Almost from the moment diabetes entered my world, it’s been stealing sleep from me. When I was in the hospital at diagnosis, the round-the-clock attention of the medical team kept me awake. I only had a few nights of peaceful sleep, after I was discharged from the hospital before I had my first horrifying, thank-God-I-woke-up-out-of-my-sleep, hypoglycemia episode.
That changed me.
When I woke up drenched in sweat, heart pounding, and in a daze, it was months before I felt comfortable going to sleep again. The next night, I stayed awake for as long as I could and slept only for a short period of time. This evolved into a nightly routine.
Insomnia became my bestie.
We’d watch movies together after 10pm, snack on crackers and cheese until midnight, and around 2 am, we’d work our way through all the mini-size flavors of Häagen-Dazs ice cream rating them by a spoonful. Strawberry won every time I got a large piece of a whole strawberry on my spoon. However, the plain vanilla was the most faithful, always consistent, and worked well with anything else.
With insomnia by my side and high-carb foods that promised to ward off hypoglycemia, I felt safe. Safe enough to let the Sandman dance with me, gently.
My healthcare providers only saw the weight gain.
They never asked, “Are you afraid to go to sleep?” “Have you had a terrifying experience of hypoglycemia and how are you coping?”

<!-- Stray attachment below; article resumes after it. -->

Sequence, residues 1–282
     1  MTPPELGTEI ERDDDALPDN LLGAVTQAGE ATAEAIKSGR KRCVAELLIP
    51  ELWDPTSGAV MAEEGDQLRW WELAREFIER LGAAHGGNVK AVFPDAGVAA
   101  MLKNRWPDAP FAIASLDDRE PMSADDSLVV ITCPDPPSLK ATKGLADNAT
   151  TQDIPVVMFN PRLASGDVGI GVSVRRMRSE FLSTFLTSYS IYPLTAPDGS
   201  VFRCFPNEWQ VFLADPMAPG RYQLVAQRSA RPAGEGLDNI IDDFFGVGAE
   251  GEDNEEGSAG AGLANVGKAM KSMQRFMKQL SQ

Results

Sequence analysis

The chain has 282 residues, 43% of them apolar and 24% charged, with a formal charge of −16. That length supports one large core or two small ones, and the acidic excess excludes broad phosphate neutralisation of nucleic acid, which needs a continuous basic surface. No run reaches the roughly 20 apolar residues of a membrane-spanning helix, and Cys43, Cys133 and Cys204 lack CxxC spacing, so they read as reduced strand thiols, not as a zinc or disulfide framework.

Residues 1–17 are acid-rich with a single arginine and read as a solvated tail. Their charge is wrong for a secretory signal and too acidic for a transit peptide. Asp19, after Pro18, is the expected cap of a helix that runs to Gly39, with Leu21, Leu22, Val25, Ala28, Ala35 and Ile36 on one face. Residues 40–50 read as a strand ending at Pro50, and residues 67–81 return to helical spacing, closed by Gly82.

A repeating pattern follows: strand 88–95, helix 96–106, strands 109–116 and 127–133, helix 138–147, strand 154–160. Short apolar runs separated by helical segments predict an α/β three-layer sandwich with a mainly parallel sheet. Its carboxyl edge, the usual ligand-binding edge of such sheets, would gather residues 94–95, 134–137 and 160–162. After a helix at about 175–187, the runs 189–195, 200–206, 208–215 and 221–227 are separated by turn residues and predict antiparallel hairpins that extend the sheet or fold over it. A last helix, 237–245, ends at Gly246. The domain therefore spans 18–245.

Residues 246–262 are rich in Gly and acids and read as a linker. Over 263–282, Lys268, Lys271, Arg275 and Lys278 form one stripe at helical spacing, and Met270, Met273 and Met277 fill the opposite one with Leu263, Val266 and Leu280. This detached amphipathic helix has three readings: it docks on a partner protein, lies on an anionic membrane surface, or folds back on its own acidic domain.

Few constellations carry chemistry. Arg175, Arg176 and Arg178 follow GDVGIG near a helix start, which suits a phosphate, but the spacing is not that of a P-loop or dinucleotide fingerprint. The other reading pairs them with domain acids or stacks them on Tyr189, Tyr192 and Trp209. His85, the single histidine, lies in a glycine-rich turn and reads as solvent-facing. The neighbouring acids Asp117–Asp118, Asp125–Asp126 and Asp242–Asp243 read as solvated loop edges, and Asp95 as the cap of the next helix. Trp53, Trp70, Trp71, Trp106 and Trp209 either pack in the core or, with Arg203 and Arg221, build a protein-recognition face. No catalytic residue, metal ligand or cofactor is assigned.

They gave me medication to help with my weight. I needed counseling. Heck, as I’m writing this post, I realize that I still need counseling because the fear is still there.
There are a few differences between those early days of being newly diagnosed and now.
Now, I have many more death-defying experiences of hypoglycemia, most happened while I was pregnant. The worst happened this past Christmas when I passed out and felt the effects of that for 2-3 days.
Now, the Ai system on my insulin pump (Control IQ) is my strongest weapon against hypoglycemia, but the sound of the battle often interrupts my sleep. I hear the insulin pump stopping and starting over the quietness of the night. It wakes me.
Now, motherhood competes with diabetes for the same sleep.
Some weeks, I am content with this being my new normal -rarely getting a good night’s sleep and being well rested. Other times, I get upset and frustrated when the normal stressors of life (financial worries, emotional concerns, spiritual fatigue, work-related matters, marital disagreements, the pain from a frozen shoulder, etc) also steal my sleep.
This picture sums up most of my nights…Motherhood and Diabetes, and Sleep struggling to find its place in the picture.
How’s your sleep quality?